For the most part, knowledge is a good thing. Knowing that a fire is hot keeps us from being burned. However, knowledge also carries responsibility. Knowing oneís responsibility, obligations, or restrictions, but choosing to ignore them, can reap negative, even tragic, consequences. In the New Testament, Jesus tells this parable to illustrate just this point:
For if, after they have escaped the defilements of the world through the knowledge of our Lord and Savior Jesus Christ, they are again entangled in them and overcome, the last state has become worse for them than the first. For it would have been better for them never to have known the way of righteousness than after knowing it to turn back from the holy commandment delivered to them. What the true proverb says has happened to them: "The dog returns to its own vomit, and the sow, after washing herself, returns to wallow in the mire.Ē (II Peter 2:20-22 ESV)
This principle is intuitively correct: one who knows the standard is more responsible for that knowledge than one who does not know the standard. For example, when one is learning a game, he is allowed some leniency as he learns the rules of the game. However, after he has learned the rules and has gotten some experience under his belt, he is held to higher expectations to play the game according to the rules. Following this metaphor, if an experienced player continues to ignore the rules of the game, they have the choice of playing right or being ejected from the game.
In the Gospel of Luke, Jesus told a parable that illustrated this same principle:
And the Lord said, "Who then is the faithful and wise manager, whom his master will set over his household, to give them their portion of food at the proper time? Blessed is that servant whom his master will find so doing when he comes. Truly, I say to you, he will set him over all his possessions. But if that servant says to himself, 'My master is delayed in coming,' and begins to beat the male and female servants, and to eat and drink and get drunk, the master of that servant will come on a day when he does not expect him and at an hour he does not know, and will cut him in pieces and put him with the unfaithful. (Luke 12:42-46 ESV)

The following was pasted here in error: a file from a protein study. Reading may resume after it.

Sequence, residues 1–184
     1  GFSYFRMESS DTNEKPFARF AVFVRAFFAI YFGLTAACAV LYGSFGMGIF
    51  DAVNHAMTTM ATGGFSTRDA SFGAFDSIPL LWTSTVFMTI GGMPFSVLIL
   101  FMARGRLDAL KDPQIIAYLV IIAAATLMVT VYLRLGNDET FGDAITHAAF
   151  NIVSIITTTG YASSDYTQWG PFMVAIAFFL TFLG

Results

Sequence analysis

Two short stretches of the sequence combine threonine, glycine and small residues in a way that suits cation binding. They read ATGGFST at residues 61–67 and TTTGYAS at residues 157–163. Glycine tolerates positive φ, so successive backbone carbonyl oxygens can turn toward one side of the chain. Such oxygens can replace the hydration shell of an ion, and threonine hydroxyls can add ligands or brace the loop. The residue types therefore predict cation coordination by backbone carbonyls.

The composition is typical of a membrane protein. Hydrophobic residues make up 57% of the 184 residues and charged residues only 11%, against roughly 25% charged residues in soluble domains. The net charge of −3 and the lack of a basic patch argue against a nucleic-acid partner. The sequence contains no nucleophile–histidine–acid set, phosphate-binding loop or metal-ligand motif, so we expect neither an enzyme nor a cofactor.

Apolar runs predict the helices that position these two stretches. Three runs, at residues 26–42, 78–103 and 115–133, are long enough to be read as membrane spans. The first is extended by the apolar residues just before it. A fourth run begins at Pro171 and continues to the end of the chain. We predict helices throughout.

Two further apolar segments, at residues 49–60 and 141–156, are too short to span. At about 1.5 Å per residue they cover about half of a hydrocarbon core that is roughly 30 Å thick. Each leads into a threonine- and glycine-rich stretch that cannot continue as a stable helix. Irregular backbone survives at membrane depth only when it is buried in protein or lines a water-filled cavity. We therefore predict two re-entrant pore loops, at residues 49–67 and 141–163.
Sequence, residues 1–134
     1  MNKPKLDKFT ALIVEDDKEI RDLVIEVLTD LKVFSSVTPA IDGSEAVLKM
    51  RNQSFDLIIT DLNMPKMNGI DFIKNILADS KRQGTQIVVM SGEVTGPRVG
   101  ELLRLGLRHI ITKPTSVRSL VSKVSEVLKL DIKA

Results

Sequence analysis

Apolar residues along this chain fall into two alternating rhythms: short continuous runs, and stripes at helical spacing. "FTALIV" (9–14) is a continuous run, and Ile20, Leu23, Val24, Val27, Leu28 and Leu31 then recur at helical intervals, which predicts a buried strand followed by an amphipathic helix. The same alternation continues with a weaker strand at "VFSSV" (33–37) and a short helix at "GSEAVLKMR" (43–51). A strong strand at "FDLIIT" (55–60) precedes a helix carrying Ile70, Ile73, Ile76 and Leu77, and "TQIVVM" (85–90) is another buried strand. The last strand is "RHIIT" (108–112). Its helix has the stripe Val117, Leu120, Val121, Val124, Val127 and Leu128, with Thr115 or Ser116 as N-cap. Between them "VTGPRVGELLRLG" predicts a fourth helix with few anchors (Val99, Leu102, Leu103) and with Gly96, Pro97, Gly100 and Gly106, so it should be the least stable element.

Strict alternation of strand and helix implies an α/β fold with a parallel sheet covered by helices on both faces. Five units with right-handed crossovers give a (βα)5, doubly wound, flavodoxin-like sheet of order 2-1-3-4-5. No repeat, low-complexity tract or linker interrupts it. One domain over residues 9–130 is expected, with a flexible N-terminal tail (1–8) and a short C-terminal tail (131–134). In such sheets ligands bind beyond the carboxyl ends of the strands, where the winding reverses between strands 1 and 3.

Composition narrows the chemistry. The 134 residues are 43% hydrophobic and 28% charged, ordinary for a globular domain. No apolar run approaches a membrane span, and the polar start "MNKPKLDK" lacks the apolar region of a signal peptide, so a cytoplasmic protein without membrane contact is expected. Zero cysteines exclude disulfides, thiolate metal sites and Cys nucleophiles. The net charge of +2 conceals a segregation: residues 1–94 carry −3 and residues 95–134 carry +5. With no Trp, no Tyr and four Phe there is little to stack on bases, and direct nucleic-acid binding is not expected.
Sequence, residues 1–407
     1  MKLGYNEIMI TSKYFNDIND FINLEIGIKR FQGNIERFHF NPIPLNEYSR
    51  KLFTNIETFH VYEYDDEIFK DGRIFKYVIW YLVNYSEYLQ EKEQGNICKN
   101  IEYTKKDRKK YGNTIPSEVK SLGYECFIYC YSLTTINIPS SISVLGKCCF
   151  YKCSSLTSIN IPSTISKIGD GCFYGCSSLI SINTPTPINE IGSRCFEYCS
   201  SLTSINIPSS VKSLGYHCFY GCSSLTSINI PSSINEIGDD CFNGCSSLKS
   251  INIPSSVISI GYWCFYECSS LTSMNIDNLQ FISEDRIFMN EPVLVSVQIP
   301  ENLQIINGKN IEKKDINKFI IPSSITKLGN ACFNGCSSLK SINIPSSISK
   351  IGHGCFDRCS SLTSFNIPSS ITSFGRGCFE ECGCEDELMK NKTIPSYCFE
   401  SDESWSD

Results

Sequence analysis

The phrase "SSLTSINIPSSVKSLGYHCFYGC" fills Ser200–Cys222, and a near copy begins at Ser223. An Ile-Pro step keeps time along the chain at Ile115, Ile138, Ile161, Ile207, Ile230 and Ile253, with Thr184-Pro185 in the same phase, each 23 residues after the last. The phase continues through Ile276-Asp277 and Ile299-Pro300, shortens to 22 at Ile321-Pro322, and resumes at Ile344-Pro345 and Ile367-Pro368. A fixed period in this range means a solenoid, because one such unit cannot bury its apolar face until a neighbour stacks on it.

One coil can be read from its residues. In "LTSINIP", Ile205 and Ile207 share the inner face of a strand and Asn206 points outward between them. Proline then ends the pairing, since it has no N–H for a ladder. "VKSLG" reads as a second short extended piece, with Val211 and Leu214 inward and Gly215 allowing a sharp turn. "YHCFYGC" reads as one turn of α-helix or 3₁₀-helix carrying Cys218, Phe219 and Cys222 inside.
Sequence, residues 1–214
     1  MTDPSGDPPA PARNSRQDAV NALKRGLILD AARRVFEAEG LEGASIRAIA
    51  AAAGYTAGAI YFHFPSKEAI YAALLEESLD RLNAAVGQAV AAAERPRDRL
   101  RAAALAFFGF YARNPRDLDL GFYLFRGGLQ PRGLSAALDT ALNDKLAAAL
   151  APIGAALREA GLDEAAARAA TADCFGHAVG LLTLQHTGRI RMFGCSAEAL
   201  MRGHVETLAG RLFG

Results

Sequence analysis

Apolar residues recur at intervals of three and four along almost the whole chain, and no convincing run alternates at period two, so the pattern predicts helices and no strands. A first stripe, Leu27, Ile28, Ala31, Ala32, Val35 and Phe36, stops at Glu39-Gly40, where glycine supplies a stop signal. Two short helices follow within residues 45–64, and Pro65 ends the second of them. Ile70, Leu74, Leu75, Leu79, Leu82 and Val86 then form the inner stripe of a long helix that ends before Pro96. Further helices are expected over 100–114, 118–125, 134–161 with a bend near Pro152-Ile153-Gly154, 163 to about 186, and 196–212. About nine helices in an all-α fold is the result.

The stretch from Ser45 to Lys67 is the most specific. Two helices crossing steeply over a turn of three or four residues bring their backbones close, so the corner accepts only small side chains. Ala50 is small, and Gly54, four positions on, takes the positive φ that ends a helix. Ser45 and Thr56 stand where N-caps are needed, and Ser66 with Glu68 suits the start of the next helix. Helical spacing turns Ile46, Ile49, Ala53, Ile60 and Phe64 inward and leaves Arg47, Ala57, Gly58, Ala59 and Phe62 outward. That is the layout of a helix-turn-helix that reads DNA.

This passage shows the actions of a servant who, although knowing full well what his master expects of him, chooses to disobey his masterís orders while the master is away. This is a picture of willful disobedience. When the master returns, however, the disobedient servantís actions will be swiftly and powerfully dealt with.
Many times, people hear the Gospel, understand what is expected of them, but reject Godís offer of forgiveness and salvation. Both the passage in Second Peter and the passage in Luke declare that this personís fate will be worse than that of a person who never heard the Gospel in the first place. In the Lukan passage, when the master returned, he dealt one way with the servant who was aware of his masterís expectations and a different way with the servant who did not know what his master required of him:
And that servant who knew his masterís will but did not get ready or act according to his will, will receive a severe beating. (Luke 12:47 ESV)
But the one who did not know, and did what deserved a beating, will receive a light beating. Everyone to whom much was given, of him much will be required, and from him to whom they entrusted much, they will demand the more. (Luke 12:48 ESV)
Anyone who has sat under the preaching of the Gospel or had someone witness to them concerning the truth of the Bible, the sinfulness of man, and the love of Jesus has knowledge that carries responsibility. That person is now responsible for his decision to accept or reject the truth of Jesus Christ. They will receive more condemnation than the person who has never heard.
God has given us the ability to reason, but He expects that reason to lead us to believe in Him. When we use our God-given abilities to reject Him, we incur a higher level of judgment because we had all the opportunities for salvation, but chose to reject the Truth of the Creatorís plan.
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